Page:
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ICC SIGNED

Institutions in Consumer Credit

Total Cost €

0

EC-Contrib. €

0

Partnership

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Project "ICC" data sheet

The following table provides information about the project.

Coordinator
LONDON SCHOOL OF ECONOMICS AND POLITICAL SCIENCE 

Organization address
address: Houghton Street 1
city: LONDON
postcode: WC2A 2AE
website: www.lse.ac.uk

contact info
title: n.a.
name: n.a.
surname: n.a.
function: n.a.
email: n.a.
telephone: n.a.
fax: n.a.

 Coordinator Country United Kingdom [UK]
 Total cost 1˙017˙851 €
 EC max contribution 1˙017˙851 € (100%)
 Programme 1. H2020-EU.1.1. (EXCELLENT SCIENCE - European Research Council (ERC))
 Code Call ERC-2017-COG
 Funding Scheme ERC-COG
 Starting year 2018
 Duration (year-month-day) from 2018-08-01   to  2021-07-31

 Partnership

Take a look of project's partnership.

# participants  country  role  EC contrib. [€] 
1    LONDON SCHOOL OF ECONOMICS AND POLITICAL SCIENCE UK (LONDON) coordinator 1˙017˙851.00

Map

 Project objective

Whether (and why) the market for consumer credit is inefficient is still an open question with important implications for household well-being. The research in this proposal will study sources of inefficiencies in two burgeoning consumer credit institutions: high-cost credit and on-line marketplaces. Each institution serves borrowers on opposite ends of the wealth and credit risk spectrum. Thus, they provide an ideal laboratory for studying the wide range of economic frictions that shape the access and price of credit for households. Despite growing attention from academics and severe scrutiny by policymakers, the economic and social impact of both institutions are yet not well understood.

The first stream of projects in the proposal is aimed at providing new evidence on the trade-offs involved in the use of high-cost credit. High-cost credit, such as Payday loans, is often the only source of funding for poor households. Alleviating liquidity shortages with high-cost credit may have negative long term consequences for financial health, an effect often attributed to borrower self-control problems. In the first project of the stream I use data from a Payday lender in the U.K. to explore a new channel for this effect—reputation—that does not rely on borrower irrationality. The second project combines data from 21 police forces in the U.K. to evaluate the social consequences of high-cost credit through the lens of criminal behavior.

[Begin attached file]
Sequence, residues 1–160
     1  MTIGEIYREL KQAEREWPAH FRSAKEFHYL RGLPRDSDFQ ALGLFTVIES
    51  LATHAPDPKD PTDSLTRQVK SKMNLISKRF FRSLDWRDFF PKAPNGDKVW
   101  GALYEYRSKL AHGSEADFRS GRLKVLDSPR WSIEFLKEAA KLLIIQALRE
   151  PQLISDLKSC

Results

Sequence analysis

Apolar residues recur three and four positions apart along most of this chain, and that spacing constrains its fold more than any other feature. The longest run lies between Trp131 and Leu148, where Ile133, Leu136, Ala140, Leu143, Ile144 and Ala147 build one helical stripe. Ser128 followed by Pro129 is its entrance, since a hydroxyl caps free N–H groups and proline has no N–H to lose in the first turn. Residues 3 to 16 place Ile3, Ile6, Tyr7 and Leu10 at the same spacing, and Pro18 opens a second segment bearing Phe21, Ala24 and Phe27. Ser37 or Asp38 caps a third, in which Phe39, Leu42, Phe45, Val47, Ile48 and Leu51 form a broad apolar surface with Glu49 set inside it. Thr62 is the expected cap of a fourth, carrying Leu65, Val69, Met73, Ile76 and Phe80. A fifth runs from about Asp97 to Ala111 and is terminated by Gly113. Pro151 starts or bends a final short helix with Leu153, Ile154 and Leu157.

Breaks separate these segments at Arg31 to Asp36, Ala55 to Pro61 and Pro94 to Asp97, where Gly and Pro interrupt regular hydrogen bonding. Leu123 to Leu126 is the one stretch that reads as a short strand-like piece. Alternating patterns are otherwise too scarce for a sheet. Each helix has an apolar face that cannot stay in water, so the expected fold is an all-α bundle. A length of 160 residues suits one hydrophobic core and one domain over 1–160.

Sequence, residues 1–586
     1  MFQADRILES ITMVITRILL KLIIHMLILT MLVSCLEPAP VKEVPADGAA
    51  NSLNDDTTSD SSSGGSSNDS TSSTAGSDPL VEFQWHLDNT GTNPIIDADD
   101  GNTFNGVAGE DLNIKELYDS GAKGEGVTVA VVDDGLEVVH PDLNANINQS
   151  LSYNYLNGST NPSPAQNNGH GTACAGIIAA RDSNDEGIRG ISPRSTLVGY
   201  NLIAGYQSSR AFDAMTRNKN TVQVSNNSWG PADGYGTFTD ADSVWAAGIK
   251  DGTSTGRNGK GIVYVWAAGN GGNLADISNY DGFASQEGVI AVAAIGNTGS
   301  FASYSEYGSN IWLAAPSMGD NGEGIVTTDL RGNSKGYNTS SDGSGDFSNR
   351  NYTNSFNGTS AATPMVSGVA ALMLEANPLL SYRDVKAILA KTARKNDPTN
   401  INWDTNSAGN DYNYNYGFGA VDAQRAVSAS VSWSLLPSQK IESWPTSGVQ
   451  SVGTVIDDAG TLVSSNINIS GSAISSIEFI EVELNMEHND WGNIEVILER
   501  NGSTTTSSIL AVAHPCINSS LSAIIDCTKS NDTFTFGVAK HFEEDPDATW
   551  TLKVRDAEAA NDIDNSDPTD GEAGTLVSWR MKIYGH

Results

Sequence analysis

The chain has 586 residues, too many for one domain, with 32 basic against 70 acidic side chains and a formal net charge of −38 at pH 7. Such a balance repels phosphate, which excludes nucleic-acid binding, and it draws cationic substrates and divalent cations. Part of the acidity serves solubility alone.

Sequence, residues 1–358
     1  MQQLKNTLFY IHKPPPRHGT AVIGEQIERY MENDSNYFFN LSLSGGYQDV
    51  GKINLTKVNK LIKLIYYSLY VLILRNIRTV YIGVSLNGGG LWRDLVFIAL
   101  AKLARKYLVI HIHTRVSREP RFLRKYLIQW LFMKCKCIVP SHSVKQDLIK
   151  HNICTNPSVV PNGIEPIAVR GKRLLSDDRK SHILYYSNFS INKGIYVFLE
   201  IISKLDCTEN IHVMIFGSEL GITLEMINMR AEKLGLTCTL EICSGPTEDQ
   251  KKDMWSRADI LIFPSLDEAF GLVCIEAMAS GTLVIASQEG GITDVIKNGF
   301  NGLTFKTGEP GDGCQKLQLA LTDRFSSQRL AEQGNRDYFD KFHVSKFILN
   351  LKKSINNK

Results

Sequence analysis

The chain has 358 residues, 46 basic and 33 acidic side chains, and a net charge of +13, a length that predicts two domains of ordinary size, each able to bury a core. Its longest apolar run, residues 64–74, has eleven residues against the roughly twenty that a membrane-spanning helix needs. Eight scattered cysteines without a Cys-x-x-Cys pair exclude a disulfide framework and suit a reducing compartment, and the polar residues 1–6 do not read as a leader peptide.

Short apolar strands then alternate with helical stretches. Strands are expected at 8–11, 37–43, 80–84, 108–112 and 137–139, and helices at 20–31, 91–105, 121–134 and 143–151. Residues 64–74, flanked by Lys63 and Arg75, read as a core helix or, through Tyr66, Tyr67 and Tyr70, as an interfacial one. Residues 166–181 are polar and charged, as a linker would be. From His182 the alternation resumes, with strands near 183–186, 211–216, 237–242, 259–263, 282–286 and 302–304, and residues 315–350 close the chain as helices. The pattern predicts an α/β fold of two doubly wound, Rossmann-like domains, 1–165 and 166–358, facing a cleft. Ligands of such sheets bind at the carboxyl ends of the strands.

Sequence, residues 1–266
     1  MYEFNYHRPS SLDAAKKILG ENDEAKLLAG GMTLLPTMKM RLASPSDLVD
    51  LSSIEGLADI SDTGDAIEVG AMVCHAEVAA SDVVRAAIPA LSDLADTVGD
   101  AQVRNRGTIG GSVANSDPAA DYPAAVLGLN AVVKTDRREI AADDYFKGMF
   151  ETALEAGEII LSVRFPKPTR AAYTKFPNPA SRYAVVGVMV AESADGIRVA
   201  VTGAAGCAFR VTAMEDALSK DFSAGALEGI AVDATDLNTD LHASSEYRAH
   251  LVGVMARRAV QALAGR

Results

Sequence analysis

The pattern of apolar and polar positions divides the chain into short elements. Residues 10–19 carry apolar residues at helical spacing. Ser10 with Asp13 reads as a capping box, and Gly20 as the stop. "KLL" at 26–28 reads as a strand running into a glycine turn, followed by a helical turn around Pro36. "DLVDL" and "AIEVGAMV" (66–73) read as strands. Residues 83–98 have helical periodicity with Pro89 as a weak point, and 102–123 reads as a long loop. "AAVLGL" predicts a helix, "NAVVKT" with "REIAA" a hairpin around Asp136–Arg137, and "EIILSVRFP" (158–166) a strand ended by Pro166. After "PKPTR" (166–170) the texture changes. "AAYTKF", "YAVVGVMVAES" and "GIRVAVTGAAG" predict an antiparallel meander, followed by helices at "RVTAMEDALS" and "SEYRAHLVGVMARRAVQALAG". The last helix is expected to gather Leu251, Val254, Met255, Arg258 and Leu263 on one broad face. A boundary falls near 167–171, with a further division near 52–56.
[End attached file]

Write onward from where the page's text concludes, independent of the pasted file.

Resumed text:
The second stream of projects characterizes previously unexplored sources of adverse selection in credit markets, with substantive positive and normative implications. Using data from the largest on-line marketplace in the U.S., I aim to demonstrate how asymmetric information distorts maturity choice, and how information gathering by the lender can drive away low-risk borrowers. The final project of this stream will use previously unavailable data to produce the first comprehensive characterization of on-line credit marketplaces worldwide.

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The information about "ICC" are provided by the European Opendata Portal: CORDIS opendata.

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